When the Amtrak Trains came on the scene, I think my dad’s interest really peaked. He began thinking about taking a trip on the Amtrak. It would be a dream trip for Dad and Mom. They planned to ride the Amtrak Train up the California coast. The trip was to take several days, and they would sleep on the train. That would be a new experience for both of them, as all their other train rides were just day trips or less.
My dad was so excited about this trip. He was like a little kid in a candy store. I think that is how a lot of people feel when riding a train…like being a kid again. The wonder of something so new to them. And while riding a train wasn’t new to my dad, traveling that way was. He had always traveled by car. Mostly because he believed that you couldn’t see the country from a plane. But, this was different. They were able to view the countryside and it went by, and he didn’t have to drive. He felt like he was taking the trip of a lifetime. They were finally taking the ultimate train ride.
They had such a great time riding the Amtrak. It would be a trip that would live in their memories for the rest of their lives. They had taken many vacations, and all of them were filled with great memories, but there are always a few of your trips that live in your memory as the big trip, the best trip…the ultimate trip.
My dad always loved teaching his family about the history of this great country. He and my mom decided early on that they wanted to show us the country we lived in, and they most certainly did. We traveled from one coast to the other, from the north to the south. Dad would stop at every historical marker he could find along the way. We would get tired of stopping at all the markers, but from that we learned about things like the Oregon Trail…a trail that I’m pretty sure I have seen every marker for…but one that I know all about too.
He took us to Gettysburg, and we walked through the battlefield in hushed silence, because you can almost physically feel that this is hallowed ground…that the men who died there…who shed their blood to purchase freedom for all men…changed that place. Once you have been there and walked that place, you can never feel the same about a war that threatened to rip our country apart. And yet we remained, strong and determined.
Dad told us about the old west, and the cost of settling this country. Families that traveled by covered wagon, westward to find a better life for their families, because there was room to grow out in the west. Room to farm and ranch and carve out a living that was unavailable in the east, which was much too crowded. The settlers were people who longed to find out what was over the next mountain top. Adventurers who wanted freedom to make their own rules.
He taught us about the gold rush in the Black Hills, and then showed us how so much history still remains in the Black Hills. It became a place our family loved to go, and to this day Bob and I go over every year. It just has a hold on me…a draw that I can’t totally explain. I am always in awe there. The beauty of the hills, memorials, the 1880 train, and the old west shows in Keystone. I never get tired of being there.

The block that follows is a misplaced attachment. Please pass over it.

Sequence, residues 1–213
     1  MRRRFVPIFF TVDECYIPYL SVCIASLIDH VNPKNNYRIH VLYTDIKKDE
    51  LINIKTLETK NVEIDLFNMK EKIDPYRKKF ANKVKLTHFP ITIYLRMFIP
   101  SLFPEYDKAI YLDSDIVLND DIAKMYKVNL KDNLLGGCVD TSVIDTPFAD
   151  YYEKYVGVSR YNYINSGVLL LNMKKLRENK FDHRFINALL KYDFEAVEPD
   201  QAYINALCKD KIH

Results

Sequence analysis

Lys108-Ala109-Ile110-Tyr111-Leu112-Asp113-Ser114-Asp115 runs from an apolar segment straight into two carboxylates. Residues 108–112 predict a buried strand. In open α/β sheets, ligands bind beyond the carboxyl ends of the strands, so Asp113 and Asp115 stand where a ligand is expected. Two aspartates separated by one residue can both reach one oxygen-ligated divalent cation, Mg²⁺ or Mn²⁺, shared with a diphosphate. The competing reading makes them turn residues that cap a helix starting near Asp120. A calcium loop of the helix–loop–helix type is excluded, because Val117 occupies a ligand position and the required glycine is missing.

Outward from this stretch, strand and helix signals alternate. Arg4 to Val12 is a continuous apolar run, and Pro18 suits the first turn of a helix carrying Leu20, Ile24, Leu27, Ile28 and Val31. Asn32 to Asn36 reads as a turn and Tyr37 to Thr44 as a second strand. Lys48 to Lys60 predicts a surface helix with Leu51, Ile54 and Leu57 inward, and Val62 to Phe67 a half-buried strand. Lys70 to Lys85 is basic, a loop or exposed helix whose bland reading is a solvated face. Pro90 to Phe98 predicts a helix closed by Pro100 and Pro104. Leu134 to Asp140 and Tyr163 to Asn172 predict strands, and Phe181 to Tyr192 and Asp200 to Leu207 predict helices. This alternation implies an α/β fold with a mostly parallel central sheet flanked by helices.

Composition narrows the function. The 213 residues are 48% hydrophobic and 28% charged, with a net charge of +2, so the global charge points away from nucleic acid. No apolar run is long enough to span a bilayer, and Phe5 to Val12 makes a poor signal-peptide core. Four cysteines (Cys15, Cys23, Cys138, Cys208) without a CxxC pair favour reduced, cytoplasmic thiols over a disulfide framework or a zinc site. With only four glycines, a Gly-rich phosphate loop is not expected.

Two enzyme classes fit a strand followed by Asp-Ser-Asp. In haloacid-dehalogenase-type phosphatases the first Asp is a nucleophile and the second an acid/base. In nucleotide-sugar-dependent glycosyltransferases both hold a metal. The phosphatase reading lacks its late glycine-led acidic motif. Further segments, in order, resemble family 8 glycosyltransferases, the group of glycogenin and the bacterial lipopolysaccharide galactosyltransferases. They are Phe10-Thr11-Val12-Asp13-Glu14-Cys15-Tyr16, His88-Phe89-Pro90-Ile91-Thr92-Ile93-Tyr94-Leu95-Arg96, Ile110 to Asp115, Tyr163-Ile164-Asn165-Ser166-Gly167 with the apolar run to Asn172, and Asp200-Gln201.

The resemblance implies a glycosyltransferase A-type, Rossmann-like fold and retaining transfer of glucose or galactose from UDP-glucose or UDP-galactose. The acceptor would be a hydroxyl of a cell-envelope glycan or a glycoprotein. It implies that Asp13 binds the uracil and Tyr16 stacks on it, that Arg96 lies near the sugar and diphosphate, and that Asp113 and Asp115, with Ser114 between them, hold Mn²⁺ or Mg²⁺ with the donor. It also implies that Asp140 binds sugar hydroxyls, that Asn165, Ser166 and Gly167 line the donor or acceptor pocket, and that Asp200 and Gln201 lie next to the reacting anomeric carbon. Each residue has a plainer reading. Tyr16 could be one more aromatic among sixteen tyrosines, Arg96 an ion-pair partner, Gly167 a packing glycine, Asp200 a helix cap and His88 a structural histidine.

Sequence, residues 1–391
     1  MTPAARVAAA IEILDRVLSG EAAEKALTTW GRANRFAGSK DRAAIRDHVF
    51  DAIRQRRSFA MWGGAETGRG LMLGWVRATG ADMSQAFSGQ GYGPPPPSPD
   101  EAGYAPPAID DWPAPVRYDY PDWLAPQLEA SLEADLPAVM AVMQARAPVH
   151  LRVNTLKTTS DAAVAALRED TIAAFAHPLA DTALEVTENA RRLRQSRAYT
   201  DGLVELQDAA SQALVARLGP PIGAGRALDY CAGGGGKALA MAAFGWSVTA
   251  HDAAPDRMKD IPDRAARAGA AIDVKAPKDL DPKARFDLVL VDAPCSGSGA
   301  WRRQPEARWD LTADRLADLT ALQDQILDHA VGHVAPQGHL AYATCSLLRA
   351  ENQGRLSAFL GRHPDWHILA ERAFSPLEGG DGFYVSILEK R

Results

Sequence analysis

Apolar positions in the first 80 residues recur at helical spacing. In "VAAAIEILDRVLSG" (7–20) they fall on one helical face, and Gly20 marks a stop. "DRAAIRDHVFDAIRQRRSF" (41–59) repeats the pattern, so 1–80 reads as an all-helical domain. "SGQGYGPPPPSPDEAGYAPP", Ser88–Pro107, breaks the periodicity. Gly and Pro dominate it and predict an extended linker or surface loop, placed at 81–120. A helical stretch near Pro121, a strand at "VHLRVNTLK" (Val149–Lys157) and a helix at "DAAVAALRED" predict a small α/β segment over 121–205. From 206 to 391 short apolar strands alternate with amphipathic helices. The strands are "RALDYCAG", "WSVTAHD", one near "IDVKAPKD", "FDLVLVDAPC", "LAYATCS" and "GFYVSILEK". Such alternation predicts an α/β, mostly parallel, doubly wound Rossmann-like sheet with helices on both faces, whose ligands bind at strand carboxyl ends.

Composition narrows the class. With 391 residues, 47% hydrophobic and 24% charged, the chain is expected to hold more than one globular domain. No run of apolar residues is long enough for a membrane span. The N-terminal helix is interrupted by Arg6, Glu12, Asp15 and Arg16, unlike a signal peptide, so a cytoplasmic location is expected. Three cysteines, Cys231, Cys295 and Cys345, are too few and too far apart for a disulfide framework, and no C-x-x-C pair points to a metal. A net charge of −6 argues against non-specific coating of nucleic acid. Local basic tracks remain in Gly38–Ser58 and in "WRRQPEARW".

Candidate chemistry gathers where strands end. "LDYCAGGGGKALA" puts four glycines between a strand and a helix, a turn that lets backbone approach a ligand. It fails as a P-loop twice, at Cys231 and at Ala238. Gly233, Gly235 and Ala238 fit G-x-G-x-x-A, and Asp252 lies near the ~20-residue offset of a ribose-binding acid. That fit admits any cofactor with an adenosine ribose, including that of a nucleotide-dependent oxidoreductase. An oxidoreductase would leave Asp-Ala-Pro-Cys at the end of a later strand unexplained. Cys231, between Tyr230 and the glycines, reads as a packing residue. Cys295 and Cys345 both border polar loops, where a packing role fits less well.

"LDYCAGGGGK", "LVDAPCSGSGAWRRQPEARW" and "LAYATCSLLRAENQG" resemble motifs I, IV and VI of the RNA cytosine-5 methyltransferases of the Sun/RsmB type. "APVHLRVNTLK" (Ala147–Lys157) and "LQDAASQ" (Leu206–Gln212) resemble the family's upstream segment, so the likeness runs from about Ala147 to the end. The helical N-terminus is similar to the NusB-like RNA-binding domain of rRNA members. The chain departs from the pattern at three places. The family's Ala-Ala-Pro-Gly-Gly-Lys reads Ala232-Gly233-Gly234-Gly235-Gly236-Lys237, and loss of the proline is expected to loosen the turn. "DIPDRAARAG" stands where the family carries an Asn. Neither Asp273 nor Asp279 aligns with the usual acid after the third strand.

Dad and Mom took us and later our kids to so many places and showed us so many things. It is something we will always be grateful for, and that we can never thank them enough for. They gave us something no teacher or classroom could have taught us…they gave us a little piece of history.
It has been a tradition of ours for a number of years now, to ride the 1880 Train from Keystone, SD to Hill City, SD and back on the last day of our time in the Black Hills. I suppose it is the kid in both of us that just loves the train rides. Or maybe it is about seeing a part of the Black Hills that you can’t see any other way, even hiking, since there is only one trail that crosses the 1880 Train route and then only once.
There is just something about riding a train. You can sit back and relax. The rocking back and forth, while noisy is soothing somehow. The scenery passes before you and you can both actually see it, because you don’t have to pay attention to the road. You can point out things and be able to enjoy them together. You just can’t do that in a car, because the driver cannot see what you can see.
The 1880 Train takes you back in time, as you travel through old mining towns, now deserted. At the same time, mixed in with the past are homes where people live today, and towns that are thriving on the tourist industry. There are old movie sets in which the 1880 Train took part. And of course, there are the amazing rock formations that have made the Black Hills famous. Trees growing out of the rock as if it were dirt, and yet the rock is largley granite, which is among the hardest rock there is.
The rock formations, if you look closely, hold the faces of Indian chiefs, or so the legend goes, and as we ride along, I look closely and let my imagination show them to me. And the local people help your imagination by putting up statues of fishing children, bears, cougars, or waving train watchers. It is all designed to make your ride more interesting. And everyone, including the tourists driving along the road that the train crosses 9 times over the course of your hour ride, waves at the train. It is simply enchanting.
I suppose many people would think it odd that we ride the train every year, but like many things in the Black Hills, it seems to be in my blood, or maybe it is all just addictive. Maybe, like the hiking bug that I haven’t yet found a cure for, I have a train bug too…and that is ok with me, because like the hiking bug, I’m not really looking for a cure.